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David Black

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Everything posted by David Black

  1. VCD is not a challenging format. You could write your own replacement. Source code is available for current version. Model after existing utility and publish it for instant fame. Two approaches. Translate VCD file after the fact or replace sc_create_vcd_file with your own. Former approach would be more interesting and of general use. Plus it could've implemented in any programming language.
  2. The normal way to connect modules is with ports (sc_port<IF> or sc_export<IF>) and channels. The primitive sc_signal<T> channel is probably what you want. For your purposes, you might want to use the simplified ports sc_in<T> and sc_out<T>, which are partial specializations on the sc_signal_in_if<T> and sc_signal_inout_if<T> interfaces respectively. This will allow you to wait on the default_event() method in your controller. Because the behavior of sc_signal requires only one writer, you have two choices. Either send a signal back (e.g. sc_buffer<bool> done) or if you guarantee writing won't happen in the same delta cycle, or you can change the policy.
  3. First, sc_clock is NOT deprecated, but rather the constructor signature (syntax) you are using is. Change sc_clock clk("Clock",1); to sc_clock clk("Clock",1,SC_NS); or sc_clock clk("Clock",sc_time(1,SC_NS));
  4. #2 suggests you ran out of memory allocating a new int...
  5. First, the basic answer is NO. SystemC only allows 64 bits for a time variable. Before you rant about how inappropriate that is, consider that using picoseconds (ps) as the smallest unit of time resolution means that you can represent up to 30 weeks, 3 days, 12 hours, 5 minutes and 44 seconds of simulated time. I do not know of any simulations that need that much dynamic range. If need be, you can change the scale to nanoseconds (ns) and represent up to 587 years!
  6. TLM is not a point to point protocol, at least not from a hardware model point of view. The C+ implementation requires point to point modeling, but the models may do as they like. Clarification is need for the original question/request: Are you needing to do a broadcast using b_transport? Are your targets all operating with temporal displacement? If so, the solution is fairly easy.
  7. Assuming you have access to the targets, you could also put try/catch around the wait(s) and ensure add catch code to ensure a graceful exit. This would preclude using imported targets though. Also, you would need to consider any inferred wait(s) such as fifo.read() that might be present. The more you think this through, the messier it gets. In general, I would avoid exceptions. As Alan points out, you really want to avoid blocking because it degrades simulation performance.
  8. Perhaps the event got sent before init3 began to wait... Add wait(SC_ZERO_TIME); as the first statement of all your threads.
  9. The term "interconnect components" generally maps to the concept of a bus (e.g. AXI, PCI). TLM connections are 1:1. An interconnect component is responsible for address mapping and potentially concepts such as broadcasting. A bridge may also be considered as an interconnect component.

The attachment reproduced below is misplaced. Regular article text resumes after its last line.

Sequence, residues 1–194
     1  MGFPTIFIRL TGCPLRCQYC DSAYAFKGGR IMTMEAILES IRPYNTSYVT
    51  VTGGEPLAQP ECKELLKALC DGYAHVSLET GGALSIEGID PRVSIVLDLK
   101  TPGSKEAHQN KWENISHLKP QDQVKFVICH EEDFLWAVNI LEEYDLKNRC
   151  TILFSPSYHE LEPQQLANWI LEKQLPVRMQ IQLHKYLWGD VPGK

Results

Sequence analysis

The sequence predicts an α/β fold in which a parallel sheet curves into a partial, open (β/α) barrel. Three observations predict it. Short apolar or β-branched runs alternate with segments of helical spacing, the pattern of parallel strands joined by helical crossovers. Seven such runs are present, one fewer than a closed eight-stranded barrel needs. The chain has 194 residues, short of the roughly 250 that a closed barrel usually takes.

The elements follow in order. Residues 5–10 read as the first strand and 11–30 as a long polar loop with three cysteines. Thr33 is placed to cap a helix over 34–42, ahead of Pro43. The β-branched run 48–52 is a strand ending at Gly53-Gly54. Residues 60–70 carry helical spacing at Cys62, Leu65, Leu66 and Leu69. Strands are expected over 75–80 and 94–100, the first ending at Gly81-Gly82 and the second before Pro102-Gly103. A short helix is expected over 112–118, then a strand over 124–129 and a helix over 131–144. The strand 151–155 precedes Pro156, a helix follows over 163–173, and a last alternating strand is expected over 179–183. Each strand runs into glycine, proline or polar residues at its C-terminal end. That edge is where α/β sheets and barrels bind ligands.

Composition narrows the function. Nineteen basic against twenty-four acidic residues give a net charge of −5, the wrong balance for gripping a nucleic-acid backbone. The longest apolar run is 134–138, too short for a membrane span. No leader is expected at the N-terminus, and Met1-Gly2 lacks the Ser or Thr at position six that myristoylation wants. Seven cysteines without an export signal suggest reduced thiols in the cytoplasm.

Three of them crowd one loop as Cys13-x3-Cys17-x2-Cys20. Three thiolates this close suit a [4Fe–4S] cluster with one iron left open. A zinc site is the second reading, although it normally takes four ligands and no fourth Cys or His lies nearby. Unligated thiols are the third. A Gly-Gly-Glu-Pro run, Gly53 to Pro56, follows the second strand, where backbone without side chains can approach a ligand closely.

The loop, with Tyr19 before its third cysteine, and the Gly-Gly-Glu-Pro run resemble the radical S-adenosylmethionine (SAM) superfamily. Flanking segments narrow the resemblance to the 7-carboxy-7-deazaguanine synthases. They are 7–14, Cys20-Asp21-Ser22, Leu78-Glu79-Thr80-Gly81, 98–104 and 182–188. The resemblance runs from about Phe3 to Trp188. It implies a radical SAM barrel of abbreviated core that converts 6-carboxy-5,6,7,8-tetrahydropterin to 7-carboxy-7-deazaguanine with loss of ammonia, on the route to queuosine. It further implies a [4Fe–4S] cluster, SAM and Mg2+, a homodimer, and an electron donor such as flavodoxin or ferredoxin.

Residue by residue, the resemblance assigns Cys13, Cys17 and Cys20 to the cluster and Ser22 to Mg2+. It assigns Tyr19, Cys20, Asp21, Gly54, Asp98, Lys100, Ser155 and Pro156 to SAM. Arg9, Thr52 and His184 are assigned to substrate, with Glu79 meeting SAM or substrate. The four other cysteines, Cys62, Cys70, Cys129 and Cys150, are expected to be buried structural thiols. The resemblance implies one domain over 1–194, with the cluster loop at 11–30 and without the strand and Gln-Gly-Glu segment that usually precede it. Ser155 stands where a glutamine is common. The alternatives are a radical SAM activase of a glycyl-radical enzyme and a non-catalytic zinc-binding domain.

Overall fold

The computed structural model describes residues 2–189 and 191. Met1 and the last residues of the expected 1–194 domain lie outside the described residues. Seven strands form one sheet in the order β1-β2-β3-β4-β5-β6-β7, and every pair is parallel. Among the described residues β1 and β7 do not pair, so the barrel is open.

10. Use the new sc_vector<> construct when creating that array of ports. See the pdf in the version 2.3 systemc/docs directory for some ideas.
  11. You are correct in the assessment that you have an infinite loop. You need some form of wait. wait(SC_ZERO_TIME) is not the best solution though. How about waiting on the sc_fifo::data_written_event()? Also, with the new version of SystemC (2.3.0), you can even create an sc_event_or_list so you can do the following (untested): sc_event_or_list fifo_written_event; for(int i=0; i!=10; ++i) { fifo_written_event |=fifo.data_written_event(); } while(1){ wait(fifo_written_event); for(int i=0; i!=10; ++i) { // Process all received if(fifo_in.nb_read(packet)){ cout << "Packet received from Robot " << i << "\n"; // processing } }
  12. I should probably note that using a non-default delay in my example probably does not make sense. Also this example could lose notifications in the sense that if SystemC has not yet serviced a notification, a subsequent notification will simply overwrite the previous one. I generally setup a handshake to ensure the external notifier knows it was received. You could also make a more elaborate notify method that sets/clears a "busy" flag. Be careful to properly protect shared data as Philipp points out.
  13. struct thread_safe_event_if : sc_core::sc_interface { virtual void notify(sc_core::sc_time delay = SC_ZERO_TIME) = 0; virtual const sc_core::sc_event& default_event(void) const = 0; protected: virtual void update(void) = 0; }; struct thread_safe_event_channel : sc_core::sc_prim_channel, thread_safe_event_if { thread_safe_channel(const char* name); void notify(sc_core::sc_time delay = SC_ZERO_TIME); const sc_core::sc_event& default_event(void) const; protected: virtual void update(void); private: sc_core::sc_event m_event; sc_core::sc_time m_delay; }; // The following may be safely called from outside the SystemC OS thread void thread_safe_event_channel::notify(sc_core::sc_time delay) { m_delay = delay; async_request_update(); } const sc_core::sc_event& thread_safe_event_channel::default_event(void) { return m_event; } virtual void update(void) { m_event.notify(m_delay); }